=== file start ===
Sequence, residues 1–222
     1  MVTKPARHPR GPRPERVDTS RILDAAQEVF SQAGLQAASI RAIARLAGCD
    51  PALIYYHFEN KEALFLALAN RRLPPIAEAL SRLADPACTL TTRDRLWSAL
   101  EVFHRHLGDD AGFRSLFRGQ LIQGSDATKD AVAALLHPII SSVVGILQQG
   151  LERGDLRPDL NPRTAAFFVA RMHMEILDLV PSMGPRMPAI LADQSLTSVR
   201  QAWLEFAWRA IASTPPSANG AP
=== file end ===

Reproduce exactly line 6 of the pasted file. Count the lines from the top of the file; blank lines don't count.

   201  QAWLEFAWRA IASTPPSANG AP